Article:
IGTimes: Urban Street Culture, 1984–1994

By Marc H. Miller

Among the underground publications of  the 1970s and 80s IGTimes has the distinction of being the first periodical devoted to New York street and subway art. The front cover of IGT’s first issue captured the zine’s rebellious spirit with an image of a bloated Mayor Ed Koch, the sworn enemy of “graffiti,” covered with “tags.”  Inside was news about Michael Stewart, an artist killed by police, and interviews with Sak and Rize, two young teenage “writers,” actively “burning” trains. During its decade-long run from 1984 to 1994 everything about IGTimes was in constant flux—most prominently its name, officially IGTimes, but with different issues variously titled International Graffiti Times, Subway SunInterGalactic TimesGetHip International TimesTight, and IGT.

IGTimes was founded by David Schmidlapp, an artist/photographer who produced photomontages of street fashion for the style section of the Soho Weekly News.  Like other downtown boosters of subway art, filmmaker Charlie Ahearn, gallerist Patti Astor, photographers Henry Chalfant and Martha Cooper, Schmidlapp came from outside the urban art community but became part of it by forging close relationships with the artists.  As the first and only publication covering subway art, IGTimes was instantly a magnet for the writers who set its tone and provided its content.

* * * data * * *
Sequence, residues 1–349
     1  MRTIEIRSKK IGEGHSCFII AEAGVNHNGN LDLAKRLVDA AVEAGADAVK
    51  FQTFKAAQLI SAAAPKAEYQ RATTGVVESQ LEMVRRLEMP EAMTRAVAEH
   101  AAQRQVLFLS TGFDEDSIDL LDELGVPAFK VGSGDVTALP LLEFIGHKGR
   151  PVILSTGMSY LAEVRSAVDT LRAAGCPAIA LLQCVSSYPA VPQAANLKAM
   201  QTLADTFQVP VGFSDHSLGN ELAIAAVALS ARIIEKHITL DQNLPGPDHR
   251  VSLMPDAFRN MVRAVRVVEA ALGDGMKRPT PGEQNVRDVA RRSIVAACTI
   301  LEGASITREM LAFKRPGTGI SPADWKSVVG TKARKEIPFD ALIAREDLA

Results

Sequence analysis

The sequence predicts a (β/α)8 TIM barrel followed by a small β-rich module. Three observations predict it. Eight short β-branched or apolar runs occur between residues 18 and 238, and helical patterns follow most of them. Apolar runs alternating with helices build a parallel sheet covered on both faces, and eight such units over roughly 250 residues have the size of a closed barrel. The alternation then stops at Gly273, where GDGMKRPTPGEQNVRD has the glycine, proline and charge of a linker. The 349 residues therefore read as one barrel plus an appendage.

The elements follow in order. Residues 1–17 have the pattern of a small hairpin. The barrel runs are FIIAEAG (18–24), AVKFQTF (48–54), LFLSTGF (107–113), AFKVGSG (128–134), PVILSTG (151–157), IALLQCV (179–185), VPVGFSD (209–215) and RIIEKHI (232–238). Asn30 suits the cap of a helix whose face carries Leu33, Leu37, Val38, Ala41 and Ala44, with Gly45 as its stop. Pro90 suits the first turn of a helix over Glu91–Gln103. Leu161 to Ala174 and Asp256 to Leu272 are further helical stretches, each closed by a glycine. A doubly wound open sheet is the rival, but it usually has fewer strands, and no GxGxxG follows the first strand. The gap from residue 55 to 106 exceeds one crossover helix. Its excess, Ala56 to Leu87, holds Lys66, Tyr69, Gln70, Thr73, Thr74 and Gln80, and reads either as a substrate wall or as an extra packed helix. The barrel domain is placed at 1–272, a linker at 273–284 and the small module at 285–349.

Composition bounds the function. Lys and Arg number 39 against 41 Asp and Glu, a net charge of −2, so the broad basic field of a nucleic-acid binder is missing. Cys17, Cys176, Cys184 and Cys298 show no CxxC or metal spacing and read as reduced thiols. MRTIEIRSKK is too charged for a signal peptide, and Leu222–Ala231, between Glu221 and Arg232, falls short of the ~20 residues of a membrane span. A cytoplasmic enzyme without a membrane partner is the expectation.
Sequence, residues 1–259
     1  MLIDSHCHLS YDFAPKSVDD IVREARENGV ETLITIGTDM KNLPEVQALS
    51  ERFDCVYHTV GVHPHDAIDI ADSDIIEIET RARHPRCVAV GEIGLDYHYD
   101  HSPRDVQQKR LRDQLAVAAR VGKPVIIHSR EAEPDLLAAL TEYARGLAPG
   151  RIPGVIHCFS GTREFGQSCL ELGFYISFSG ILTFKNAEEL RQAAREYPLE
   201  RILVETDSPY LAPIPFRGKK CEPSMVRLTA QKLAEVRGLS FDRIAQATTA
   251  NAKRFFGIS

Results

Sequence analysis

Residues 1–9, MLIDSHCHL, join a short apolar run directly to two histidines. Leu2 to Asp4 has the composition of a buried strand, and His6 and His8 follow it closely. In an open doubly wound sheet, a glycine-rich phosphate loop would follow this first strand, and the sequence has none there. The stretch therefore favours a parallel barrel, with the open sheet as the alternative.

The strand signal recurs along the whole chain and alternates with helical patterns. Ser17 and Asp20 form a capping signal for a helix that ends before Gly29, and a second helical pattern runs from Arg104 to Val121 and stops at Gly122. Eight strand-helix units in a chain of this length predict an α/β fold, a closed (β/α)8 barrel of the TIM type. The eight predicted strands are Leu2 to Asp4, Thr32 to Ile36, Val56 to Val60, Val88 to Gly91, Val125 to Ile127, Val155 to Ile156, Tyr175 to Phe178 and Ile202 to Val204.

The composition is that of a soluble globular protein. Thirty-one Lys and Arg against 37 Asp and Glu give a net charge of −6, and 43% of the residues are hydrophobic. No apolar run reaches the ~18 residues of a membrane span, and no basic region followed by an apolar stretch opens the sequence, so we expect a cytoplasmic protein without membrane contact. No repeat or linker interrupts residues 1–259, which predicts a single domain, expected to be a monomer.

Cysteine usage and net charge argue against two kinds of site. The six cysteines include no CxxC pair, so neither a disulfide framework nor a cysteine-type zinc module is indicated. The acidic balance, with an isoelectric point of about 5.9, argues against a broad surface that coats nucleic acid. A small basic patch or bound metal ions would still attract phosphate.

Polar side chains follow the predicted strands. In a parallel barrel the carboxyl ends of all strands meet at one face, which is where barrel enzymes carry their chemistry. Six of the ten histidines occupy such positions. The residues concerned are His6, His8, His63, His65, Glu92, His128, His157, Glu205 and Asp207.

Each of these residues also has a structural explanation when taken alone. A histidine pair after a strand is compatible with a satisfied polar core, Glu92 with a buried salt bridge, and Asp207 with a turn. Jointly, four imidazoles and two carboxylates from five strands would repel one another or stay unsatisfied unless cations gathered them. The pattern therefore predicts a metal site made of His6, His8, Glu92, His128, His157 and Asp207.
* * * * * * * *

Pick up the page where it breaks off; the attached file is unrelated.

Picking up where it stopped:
Of special importance was the legendary Phase 2 whom Schmidlapp met when he was interviewed for the second issue of IGT.  In the early 1970s Phase 2 was one of the creative forces behind the ever-changing styles of aerosol calligraphy and as a member of the group UGA (1972) he was among the first writers to begin shifting from subway car to canvas. He was also one of the first to make flyers promoting Hip-hop parties in the Bronx. His crisp geometric style inspired by the borough’s art deco theaters set the tone for later Hip-hop poster artists like Buddy Esquire. In 1986 Phase 2 brought his historical perspective and distinctive visual touch to IGTimes when he served as the publication’s art director from issue 8 (1986) to its final issue 15 (1994). In 2011 the IGTimes archive was acquired by Cornell University Library’s renown Hip Hop Collection.

In the late 1990s Schmidlapp set aside 100 complete sets of IGTimes and numbered and placed each set in a portfolio. Gallery 98 is now offering the few sets still available. We are also selling individually selected IGT pages chosen because they were designed as flat posters and are particularly suitable for framing.

From the Collection